Two men behind bars for more than half their lives over a triple murder walked free this week after DNA evidence tore holes in their convictions.

After a night of partying, Yarbough, 18 at the time, and Wilson, 15, went home to Coney Island. Wilson was staying with friends, they said.

When Yarbough got home, he opened the door to find his mother, sister and a close family friend lying stabbed and strangled to death. The two girls were partially undressed.

"Before you know it, I had this photograph shoved in my face, and I was being threatened and slapped around, and they wanted me to sign a false confession. And I wouldn't," Yarbough said.

Police also took in Wilson and questioned him separately from Yarbough. But he got similar treatment, he said.

"I was scared, afraid; I was lied to, manipulated into believing that I was going to go home, if I do tell ... what they said happened." Wilson said.

Faced with a life behind bars, the young boy cooperated for the promise of lighter treatment.


PONTIAC, Ill. (AP) — During his more than 30 years behind bars, Stanley Wrice insisted he was innocent, that Chicago police had beat him until he confessed to a rape he didn't commit. On Wednesday, he walked out of an Illinois prison a free man, thanks to a judge's order that served as a reminder that one of the darkest chapters in the city's history is far from over.

Judge Richard Walsh said Tuesday that two officers had "lied" about the way they'd treated Wrice, who testified that the officers beat him with a flashlight and a 20-inch piece of rubber. A witness testified that he, too, was beaten by the same officers until he agreed to give false testimony against Wrice at trial.


I can keep going all night.
They were ALL GUILTY right everyone?
They DESERVED to be in prison I guess.
No corrupt cops/DA's/judges, right???
Instead of denying ignorance, you EMBRACE IGNORANCE

posted on Apr, 20 2014 @ 06:59 AM
a reply to: minusinfinity

That just is simply a false statement. Many people are falsely imprisoned in this country. Many people are innocently killed by police officers. Many people are setup by police officers. So staying low isn't really an option, fighting back and doing something to beat back the corruption is the only way things will get better.

posted on Apr, 20 2014 @ 07:46 AM
Is everyone upset about this???


I mean, come on, it IS PRISON!

When you are sitting in the comfort of your home, reading ATS, you should think about how far from prison YOU are. These people are in prison FOR A REASON.

I personally think it should be a living HELL. Then it should be televised for those that think about offending in the future. It's not meant to be a SUMMER CAMP.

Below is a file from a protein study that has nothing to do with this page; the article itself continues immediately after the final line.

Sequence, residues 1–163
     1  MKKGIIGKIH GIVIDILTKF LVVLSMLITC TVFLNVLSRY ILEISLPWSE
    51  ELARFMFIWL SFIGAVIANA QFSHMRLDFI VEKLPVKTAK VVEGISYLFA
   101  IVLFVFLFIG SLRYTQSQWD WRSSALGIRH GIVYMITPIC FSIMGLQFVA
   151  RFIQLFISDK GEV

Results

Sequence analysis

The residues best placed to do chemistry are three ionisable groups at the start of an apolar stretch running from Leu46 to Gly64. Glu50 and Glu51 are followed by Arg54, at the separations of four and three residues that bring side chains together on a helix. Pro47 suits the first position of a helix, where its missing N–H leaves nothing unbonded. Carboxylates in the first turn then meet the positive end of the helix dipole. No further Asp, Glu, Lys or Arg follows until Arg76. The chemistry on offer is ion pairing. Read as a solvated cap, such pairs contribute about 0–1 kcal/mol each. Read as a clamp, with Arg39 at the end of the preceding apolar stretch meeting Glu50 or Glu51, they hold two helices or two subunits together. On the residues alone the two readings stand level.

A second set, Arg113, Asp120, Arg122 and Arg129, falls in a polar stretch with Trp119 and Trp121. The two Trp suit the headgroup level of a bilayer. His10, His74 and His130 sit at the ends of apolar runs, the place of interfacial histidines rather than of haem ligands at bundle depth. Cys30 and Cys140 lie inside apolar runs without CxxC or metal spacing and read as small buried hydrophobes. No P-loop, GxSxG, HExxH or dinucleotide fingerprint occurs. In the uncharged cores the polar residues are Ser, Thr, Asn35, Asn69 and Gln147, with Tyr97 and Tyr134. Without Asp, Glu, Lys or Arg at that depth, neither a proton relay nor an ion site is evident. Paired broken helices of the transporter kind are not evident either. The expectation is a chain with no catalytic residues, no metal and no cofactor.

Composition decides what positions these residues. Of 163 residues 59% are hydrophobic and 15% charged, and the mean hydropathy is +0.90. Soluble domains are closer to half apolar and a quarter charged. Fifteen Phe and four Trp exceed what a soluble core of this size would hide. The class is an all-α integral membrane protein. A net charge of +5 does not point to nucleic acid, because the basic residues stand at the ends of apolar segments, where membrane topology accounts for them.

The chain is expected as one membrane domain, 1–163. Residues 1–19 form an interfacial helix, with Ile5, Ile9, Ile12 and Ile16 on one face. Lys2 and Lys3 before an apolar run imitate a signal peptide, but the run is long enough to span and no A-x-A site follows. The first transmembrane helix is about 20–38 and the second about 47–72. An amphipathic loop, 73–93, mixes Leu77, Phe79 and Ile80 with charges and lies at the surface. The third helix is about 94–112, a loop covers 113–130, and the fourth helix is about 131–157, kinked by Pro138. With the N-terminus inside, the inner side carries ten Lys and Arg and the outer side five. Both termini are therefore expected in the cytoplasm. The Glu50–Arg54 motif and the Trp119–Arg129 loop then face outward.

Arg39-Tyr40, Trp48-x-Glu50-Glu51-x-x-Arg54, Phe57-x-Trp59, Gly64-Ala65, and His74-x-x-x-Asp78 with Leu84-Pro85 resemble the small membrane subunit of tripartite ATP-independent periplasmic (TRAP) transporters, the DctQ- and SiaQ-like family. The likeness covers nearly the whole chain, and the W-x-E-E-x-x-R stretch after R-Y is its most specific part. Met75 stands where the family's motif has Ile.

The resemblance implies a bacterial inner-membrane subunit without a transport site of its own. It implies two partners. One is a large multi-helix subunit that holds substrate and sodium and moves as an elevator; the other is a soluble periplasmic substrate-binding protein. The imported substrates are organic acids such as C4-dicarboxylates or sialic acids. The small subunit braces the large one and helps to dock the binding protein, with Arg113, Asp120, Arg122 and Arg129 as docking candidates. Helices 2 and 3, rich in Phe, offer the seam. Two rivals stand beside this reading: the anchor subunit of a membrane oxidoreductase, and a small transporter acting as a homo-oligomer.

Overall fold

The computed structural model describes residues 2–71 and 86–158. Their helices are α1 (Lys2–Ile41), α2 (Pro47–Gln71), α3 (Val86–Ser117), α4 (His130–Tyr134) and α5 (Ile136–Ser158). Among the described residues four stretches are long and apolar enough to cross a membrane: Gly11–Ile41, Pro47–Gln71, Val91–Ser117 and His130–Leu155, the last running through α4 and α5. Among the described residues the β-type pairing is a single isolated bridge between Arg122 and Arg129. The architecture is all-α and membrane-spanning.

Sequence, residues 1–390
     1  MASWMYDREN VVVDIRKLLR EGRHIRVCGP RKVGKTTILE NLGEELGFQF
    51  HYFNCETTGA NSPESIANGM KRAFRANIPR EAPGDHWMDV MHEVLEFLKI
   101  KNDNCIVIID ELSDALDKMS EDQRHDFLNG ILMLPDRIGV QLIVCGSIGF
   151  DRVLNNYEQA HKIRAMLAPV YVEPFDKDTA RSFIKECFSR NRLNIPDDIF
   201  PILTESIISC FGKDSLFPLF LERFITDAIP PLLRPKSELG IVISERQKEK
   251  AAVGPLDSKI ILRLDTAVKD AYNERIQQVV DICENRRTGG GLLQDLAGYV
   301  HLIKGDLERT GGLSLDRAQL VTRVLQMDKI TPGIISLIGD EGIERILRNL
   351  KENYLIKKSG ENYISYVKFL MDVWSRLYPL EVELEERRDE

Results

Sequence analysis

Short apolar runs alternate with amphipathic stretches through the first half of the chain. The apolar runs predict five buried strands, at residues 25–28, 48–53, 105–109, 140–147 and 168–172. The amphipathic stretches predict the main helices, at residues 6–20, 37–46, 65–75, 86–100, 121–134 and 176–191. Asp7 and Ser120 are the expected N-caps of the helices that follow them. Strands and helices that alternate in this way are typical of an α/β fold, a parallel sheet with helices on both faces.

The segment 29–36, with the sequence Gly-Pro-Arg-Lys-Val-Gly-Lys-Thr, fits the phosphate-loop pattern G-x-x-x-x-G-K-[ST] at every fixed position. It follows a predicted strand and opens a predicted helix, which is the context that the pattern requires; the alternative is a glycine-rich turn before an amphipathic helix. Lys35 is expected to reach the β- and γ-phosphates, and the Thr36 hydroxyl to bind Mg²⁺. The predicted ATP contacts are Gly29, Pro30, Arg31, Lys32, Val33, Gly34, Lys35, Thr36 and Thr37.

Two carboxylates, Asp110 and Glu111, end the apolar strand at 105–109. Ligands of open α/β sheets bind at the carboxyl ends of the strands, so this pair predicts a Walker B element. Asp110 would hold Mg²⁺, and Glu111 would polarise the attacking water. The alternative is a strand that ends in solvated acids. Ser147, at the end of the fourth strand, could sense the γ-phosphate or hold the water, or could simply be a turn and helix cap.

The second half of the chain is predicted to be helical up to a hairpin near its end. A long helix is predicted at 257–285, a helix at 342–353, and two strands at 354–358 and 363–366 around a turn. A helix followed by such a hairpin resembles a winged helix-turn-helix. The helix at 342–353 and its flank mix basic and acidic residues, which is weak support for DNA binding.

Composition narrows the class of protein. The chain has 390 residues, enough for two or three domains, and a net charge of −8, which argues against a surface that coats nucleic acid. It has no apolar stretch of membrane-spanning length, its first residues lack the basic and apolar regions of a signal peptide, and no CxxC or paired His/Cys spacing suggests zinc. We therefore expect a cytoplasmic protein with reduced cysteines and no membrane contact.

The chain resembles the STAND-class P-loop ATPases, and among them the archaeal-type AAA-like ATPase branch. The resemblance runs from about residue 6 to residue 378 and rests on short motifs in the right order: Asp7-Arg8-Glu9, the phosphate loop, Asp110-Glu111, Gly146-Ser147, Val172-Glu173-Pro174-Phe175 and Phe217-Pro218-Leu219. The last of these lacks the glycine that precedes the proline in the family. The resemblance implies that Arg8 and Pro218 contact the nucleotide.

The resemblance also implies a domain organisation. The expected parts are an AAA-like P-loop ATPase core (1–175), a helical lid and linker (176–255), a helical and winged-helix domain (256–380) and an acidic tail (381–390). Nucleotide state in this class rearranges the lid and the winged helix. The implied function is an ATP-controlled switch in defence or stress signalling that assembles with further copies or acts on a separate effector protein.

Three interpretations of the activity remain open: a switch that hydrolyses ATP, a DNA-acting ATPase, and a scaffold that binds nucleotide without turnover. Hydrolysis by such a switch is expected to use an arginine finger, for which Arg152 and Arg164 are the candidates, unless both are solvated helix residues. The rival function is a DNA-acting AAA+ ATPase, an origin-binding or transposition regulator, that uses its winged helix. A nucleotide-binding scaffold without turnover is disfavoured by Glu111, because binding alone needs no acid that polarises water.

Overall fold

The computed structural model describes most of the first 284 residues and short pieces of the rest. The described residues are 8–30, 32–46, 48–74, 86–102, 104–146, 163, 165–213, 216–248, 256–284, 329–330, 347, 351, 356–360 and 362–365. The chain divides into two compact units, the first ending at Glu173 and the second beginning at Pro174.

Some machines are just BROKEN and need to be refurbished. Prison should be the HARDEST thing that these people ever gave to do. Then maybe, we wouldn't have repeat offenders or offenders at all.

posted on Apr, 20 2014 @ 07:54 AM
America scares the bejeebus out me...Seriously.

posted on Apr, 20 2014 @ 07:56 AM
The privatization of anything that is needed for the General Welfare of all needs to end.

Good luck with that one since a corporation is considered a person, but when it comes to liability it argues it isn't and usually wins the argument.

Convict leasing and Debtor Prisons were made un-lawful long ago.

People just forget, corporate non-persons, fictional entities, what they have always done.

Corporations were basically illegal until the 1890's I think, and it was for good reason.

posted on Apr, 20 2014 @ 07:59 AM
Prison isn't supposed to be a fun place to live. If you do the crime, you pay the consequences. Personally, I have no problem with their situation. The John Howard and Elizabeth Fry Societies might, but for the most part I don't particularly care. If you don't want to be there or are afraid of what could happen to you once you end up in jail, don't position yourself to have that unfavorable place to hang your hat.

posted on Apr, 20 2014 @ 08:02 AM
The easy answer is to stop making them work. Give them 30 minutes a day outside to exercise or mingle, and 30 minutes for lunch. The rest of the time can be utilized by them to increase brain capacity by reading. Other than that, if you do something bad enough to go to jail, you shouldn't get more free time than that to have fun. I don't think they should be working, either.

If people realized that they'd just rot away in jail, maybe they wouldn't do some of the things they do now. For some, it's a resort, compared to their former lives.

Realistically, it should be harsher. Jail should be something that people are really scared of, and that's not the case right now.

posted on Apr, 20 2014 @ 08:19 AM

We decided that the only weapon or strategy … that we have is our labor, because that’s the only reason that we’re here,” said Melvin Ray, an inmate at the St. Clair correctional facility and founder of the prison-based group Free Alabama Movement. “They’re incarcerating people for the free labor.” Spokespeople for Alabama Gov. Robert Bentley and his Department of Corrections did not respond to midday inquiries Thursday. Jobs done by inmates include kitchen and laundry work, chemical and license plate production, and furniture-making. In 2011, Alabama’s Department of Agriculture reportedly discussed using inmates to replace immigrants for agricultural work; in 2012, the state Senate passed a bill to let private businesses employ prison labor. - See more at:

All of this reads really awful. When profit is involved in having people imprisoned, either solely for having them imprisoned or because they also perform tasks that turn a profit, then questions arise about the motivation of lobbies in the area of the penal system, legislators legislating and prosecutors enforcing. Right down to turning a blind eye to planted evidence, because it helps turn another one of the "riff raff" into profit.

Zero Tolerance=Maximum profit.
edit on 20-4-2014 by Merinda because: (no reason given)